Without further ado, here's Traxy's Quick Newbie Guide to Jane Eyre:
A while back, I got the following question:
I feel like looking up some adaptation of Jane Eyre, because I’m starting to become quite curious, but which one would you recommend? :)An offer I couldn’t refuse! Here is a collection of the Jane Eyre adaptations that have been made so far (okay, technically, there are a few more, but they’re either in foreign and/or really difficult to get a hold of), and that I have ogled with badly hidden enthusiasm:
The Quick Newbie Guide to Jane Eyre Adaptations
So bad and so far from the movie that it’s funny. Fortunately, it’s only an hour long, so the suffering’s cut short.
1944 (film: Fontaine/Welles)
Very gothic and surprisingly good, even if it’s a bit too short and changes things around in very strange ways. Orson Welles, yay.
1970 (film: York/Scott)
No. Scrooge as Rochester is just plain wrong. As are the clothes and the setting.
1973 (miniseries, 5 one-hour parts: Cusack/Jayston)
Has strange voiceovers to distract (and Jane looks constantly surprised), but is very close to the book in a lot of ways – including the way characters make gestures!
1983 (miniseries, 11 half-hour parts: Clarke/Dalton)
Also very close to the book and has possibly slightly higher production value than ’73. Dalton actually looks a lot like the Rochester of the book as well. One of the adaptations favoured by book enthusiasts.
1996 (film: Gainsbourg/Hurt)
Dwells on Jane’s time at Lowood more than other adaptations do, and does it well. It’s the only adaptation that’s actually brought tears to my eyes! It’s actually a really good film, but it’s very emotionally restrained, which can be really frustrating to watch. Hurt doesn’t fit Rochester by any stretch of the imagination, and Elle MacPherson as Blanche is so wooden that you could use her for firewood.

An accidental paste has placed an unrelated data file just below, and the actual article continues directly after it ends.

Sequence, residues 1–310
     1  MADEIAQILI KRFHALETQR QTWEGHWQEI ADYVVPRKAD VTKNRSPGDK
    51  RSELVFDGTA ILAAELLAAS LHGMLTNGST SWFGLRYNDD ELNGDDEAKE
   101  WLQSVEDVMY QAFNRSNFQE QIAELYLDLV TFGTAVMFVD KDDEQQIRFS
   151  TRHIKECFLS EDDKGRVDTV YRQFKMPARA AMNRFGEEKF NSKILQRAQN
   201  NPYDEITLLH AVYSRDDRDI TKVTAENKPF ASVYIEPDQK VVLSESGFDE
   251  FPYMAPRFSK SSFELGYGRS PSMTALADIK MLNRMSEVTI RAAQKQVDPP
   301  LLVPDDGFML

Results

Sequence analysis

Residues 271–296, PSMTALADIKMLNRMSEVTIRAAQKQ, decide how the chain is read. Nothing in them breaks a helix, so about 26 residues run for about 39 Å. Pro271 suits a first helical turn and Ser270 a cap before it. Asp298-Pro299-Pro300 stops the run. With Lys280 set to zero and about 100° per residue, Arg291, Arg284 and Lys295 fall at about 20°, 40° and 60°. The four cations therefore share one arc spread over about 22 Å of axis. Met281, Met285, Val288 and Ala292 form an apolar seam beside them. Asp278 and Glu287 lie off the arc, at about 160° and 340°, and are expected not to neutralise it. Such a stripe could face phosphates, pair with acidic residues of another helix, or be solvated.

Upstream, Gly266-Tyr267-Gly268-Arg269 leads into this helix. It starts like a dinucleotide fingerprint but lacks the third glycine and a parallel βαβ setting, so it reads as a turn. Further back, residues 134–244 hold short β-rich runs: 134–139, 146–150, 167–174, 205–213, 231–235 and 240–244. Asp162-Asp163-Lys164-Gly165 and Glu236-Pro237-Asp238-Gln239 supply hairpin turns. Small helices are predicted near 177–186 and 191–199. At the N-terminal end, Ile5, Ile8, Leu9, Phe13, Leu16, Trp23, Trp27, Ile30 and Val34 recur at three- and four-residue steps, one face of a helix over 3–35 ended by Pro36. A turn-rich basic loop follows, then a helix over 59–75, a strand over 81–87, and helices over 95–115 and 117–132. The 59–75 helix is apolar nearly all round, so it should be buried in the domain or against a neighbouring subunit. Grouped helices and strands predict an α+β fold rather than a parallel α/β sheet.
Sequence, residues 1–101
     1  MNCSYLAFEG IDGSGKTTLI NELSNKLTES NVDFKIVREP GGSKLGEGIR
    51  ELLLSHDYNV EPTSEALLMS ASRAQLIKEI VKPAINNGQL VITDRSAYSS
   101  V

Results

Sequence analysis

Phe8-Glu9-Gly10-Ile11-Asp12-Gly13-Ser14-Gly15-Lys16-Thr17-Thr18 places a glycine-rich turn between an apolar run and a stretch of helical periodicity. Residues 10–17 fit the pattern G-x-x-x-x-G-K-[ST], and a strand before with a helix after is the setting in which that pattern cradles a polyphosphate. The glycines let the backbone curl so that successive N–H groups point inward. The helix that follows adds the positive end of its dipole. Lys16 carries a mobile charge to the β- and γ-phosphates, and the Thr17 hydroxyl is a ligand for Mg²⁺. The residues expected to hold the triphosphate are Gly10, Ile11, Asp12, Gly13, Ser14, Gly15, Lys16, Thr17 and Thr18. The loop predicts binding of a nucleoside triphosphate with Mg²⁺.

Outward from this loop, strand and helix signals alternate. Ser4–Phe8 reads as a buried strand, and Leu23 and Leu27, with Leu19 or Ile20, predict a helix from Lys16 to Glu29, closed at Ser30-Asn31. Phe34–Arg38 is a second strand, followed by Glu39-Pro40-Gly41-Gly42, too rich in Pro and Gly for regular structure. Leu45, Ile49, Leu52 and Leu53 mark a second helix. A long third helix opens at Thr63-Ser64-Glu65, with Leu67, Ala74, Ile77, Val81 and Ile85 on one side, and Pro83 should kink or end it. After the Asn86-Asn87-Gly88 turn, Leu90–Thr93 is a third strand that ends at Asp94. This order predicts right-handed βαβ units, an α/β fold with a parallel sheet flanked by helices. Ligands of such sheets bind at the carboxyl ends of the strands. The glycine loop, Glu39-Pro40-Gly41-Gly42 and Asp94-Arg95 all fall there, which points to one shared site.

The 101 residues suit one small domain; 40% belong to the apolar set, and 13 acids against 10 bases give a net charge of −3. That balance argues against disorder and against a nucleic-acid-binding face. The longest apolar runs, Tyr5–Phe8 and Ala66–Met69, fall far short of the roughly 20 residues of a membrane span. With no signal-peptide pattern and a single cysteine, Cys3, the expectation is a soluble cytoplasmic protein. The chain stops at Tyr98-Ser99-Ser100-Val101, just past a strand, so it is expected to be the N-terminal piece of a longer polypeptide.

1997 (film: Morton/Hinds)
If you overlook the moustache and the bulky trousers and that Rochester is way too angry/shouty, it’s good and has some funny lines. You never quite forget that you’re watching actors at work, though, but it does contain a scene which had me properly squeeing.
2006 (miniseries, 4 one-hour parts: Wilson/Stevens)
Follows the book in a good way, even if it’s perhaps more true to the spirit of it rather than the actual details. The stars understand the characters and it doesn’t feel as if they’re acting them as much as they ARE the characters - especially Rochester. It might be adapted for a modern audience, but not in a bad way (aside from a few scenes that just feel wrong), and it’s a clear favourite with many fans - myself included.
2011 (film: Wasikowska/Fassbender)
We’ll have to wait and see! Depending on where you are in the world, you might have seen it already. Us Europeans have to wait until September (or even later) before it comes out here. Boo! Meanwhile, I think you should read Ruth’s review. (Ruth here: Thanks for the shout-out!)
As a good first introduction to Jane Eyre, I would probably recommend the miniseries from 2006, starring Ruth Wilson and Toby Stephens. It has the more important parts without feeling tedious or dull, which at times sadly both ‘73 and ‘83 do.
It has a beautiful soundtrack and feels nicely atmospheric. All in all, it made me feel that wow, this is a book I’d like to read! I had started to read the book before I first saw this adaptation in 2008, but I had put it aside and left Jane at Lowood because I found it a bit dull. Then I saw the ‘06 adaptation and all of a sudden, the book was a lot more interesting! (Dear Charlotte has a few issues getting to the point.)
The filming locations - I’ve been to some of them, squee! - are well chosen, costumes are nice and feel right, and even if Rochester’s hair doesn’t seem to adhere to any laws of gravity familiar the rest of us, you can’t deny the fact that men look great in cravats, coats and tight breeches!
Traxy, thanks again for joining in the All Things Jane celebration! I haven't seen the 1934 film or either of the 1970s versions - I have to confess I'm intrigued! :)